Epi Island

There’s something untamed about Vanuatu. Ni Van Mother Nature doesn’t hold back—she's as likely to wow with her majesty as she is wound with her might.

Our cruise north from Havannah Harbor fell into the majestic category: an easy 15 knots over our stern quarter and calm enough seas that I took a turn steering by hand for the last hour of the ride just for the fun of it. The anchorage, Lamen Bay, is beautiful, a shallow bite on the northwestern end of Epi Island with jungle vines cascading into the water and perfect mermaid grottos carved out of the rocks. The beach has dark sand, so the water is a tranquil, deep turquoise.

The bay is filled with the largest turtles we’ve seen. Any dip in the water was a swim with the amphibious locals, and they were continuously surfacing around Helios to breathe. Snorkeling, we could watch as they swam in pairs, or startled each other, or swam through schools of fish, and we started to recognize individuals by their physical markings.

I was also treated to our first dugong encounter. Dugongs are similar to manatees: large, grass-eating aquatic mammals, but with dolphin-shaped tails. I was out for an afternoon paddle and admiring a circling hawk, when I saw what seemed to be a small pink whale in the water directly ahead. Dugongs are known to be skittish, but this one was curious about the paddle board, breathing slowly and circling twice.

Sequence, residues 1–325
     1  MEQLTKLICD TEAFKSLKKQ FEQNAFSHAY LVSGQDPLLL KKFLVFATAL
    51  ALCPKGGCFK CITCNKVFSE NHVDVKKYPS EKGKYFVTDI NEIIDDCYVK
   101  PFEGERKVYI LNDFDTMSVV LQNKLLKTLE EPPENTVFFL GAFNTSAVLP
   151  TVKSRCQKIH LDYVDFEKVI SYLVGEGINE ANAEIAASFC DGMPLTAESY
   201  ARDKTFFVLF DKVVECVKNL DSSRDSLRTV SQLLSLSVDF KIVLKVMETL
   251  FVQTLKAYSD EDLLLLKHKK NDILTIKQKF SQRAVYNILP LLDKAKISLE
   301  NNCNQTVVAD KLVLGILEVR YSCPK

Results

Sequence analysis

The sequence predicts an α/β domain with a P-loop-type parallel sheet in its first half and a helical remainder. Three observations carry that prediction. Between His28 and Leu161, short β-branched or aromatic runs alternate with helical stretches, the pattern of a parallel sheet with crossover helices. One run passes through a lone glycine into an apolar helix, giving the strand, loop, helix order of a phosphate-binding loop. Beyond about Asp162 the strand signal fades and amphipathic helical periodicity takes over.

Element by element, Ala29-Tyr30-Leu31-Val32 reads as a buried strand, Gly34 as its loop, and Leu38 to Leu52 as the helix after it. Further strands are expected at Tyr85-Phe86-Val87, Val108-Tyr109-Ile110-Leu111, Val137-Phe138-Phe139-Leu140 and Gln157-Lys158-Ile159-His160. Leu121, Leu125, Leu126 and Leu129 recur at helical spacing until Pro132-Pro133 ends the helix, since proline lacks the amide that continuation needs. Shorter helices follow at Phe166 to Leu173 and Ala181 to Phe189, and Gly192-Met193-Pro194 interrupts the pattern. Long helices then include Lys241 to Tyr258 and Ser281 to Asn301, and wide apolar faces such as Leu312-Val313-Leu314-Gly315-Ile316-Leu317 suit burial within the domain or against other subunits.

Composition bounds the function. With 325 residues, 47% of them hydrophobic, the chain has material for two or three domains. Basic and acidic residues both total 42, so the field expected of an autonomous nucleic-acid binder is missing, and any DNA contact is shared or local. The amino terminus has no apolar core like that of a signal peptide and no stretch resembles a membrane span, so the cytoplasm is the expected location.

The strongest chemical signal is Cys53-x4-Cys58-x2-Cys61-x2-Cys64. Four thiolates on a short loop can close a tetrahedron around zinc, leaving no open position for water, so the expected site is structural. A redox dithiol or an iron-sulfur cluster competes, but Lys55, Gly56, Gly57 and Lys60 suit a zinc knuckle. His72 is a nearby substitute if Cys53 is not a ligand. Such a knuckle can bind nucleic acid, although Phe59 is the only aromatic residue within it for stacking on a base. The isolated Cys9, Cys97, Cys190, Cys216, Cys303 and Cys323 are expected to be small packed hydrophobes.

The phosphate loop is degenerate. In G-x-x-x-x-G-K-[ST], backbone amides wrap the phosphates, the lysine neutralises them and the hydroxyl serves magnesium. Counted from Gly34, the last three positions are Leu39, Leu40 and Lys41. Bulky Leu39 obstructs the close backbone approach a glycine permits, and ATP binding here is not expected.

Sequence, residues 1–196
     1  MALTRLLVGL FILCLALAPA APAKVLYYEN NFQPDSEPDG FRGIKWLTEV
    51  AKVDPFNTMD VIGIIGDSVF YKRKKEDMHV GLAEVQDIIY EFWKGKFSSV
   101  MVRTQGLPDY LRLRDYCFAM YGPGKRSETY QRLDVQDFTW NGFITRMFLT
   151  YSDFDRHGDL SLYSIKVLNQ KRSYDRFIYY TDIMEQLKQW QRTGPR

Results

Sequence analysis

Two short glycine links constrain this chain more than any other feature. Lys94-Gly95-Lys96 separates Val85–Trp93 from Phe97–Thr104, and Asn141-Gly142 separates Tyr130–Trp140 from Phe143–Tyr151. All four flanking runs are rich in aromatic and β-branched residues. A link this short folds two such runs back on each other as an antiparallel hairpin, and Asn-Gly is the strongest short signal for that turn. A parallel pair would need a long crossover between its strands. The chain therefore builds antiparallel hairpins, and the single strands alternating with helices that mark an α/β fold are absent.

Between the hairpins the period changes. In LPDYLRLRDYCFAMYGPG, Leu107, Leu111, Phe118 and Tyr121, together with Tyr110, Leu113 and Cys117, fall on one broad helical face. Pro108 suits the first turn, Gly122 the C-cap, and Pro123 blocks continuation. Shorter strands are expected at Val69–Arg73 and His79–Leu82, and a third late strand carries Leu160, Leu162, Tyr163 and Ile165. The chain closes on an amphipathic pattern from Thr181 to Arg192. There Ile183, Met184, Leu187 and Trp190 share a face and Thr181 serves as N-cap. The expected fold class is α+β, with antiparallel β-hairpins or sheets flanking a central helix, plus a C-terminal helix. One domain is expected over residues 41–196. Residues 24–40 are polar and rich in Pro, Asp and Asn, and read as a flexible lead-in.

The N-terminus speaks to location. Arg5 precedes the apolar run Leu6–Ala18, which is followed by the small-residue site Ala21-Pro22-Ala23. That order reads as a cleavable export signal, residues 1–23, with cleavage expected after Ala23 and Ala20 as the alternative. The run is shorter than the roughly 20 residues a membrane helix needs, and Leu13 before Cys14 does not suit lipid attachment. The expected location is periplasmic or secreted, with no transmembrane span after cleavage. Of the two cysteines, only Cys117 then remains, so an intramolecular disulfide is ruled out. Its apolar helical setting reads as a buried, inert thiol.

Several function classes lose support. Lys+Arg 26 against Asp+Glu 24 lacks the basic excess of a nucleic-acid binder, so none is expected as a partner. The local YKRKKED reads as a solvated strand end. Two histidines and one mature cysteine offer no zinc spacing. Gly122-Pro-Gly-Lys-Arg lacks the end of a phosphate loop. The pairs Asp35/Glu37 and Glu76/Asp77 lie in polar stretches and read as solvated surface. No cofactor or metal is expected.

We lingered in the bay for three nights to wait out a patch of foul weather in the forecast. Foul it was—though punctuated by gloriously clear mornings, we spent two afternoons being pelted by rain drops the size of bullets. Dominic took a deck shower as the wind piped up to 30 knots and described the experience as “painful...but effective.”

There were three active volcanoes in view, and we spent the night after the deluge watching two calderas smolder an angry red as the third fall victim to a violent and continuous lightning storm.

Then an unforecasted swell picked up from the southwest, Lamen Bay’s only exposed angle. We spent the night rocking and rolling like we were underway in heavy conditions. Dominic tossed out the stern anchor to keep the bow of the boat pointed into the swell, which was helpful, but after a restless night we upped both anchors to head for more protected waters.

The fishing has also been high drama in Vanuatu: we’ve had one bite that got away and another that snapped the line and broke Dominic’s secondary rod. Cruising north from Epi to Malekula, our flasher got chomped in half and all of the mirrors were ripped off.

She dazzles us with her wildlife, drenches us with her storms, dismisses us with her waves, and destroys a fair amount of our fishing gear—in these waters, Mother Nature is fickle and fierce!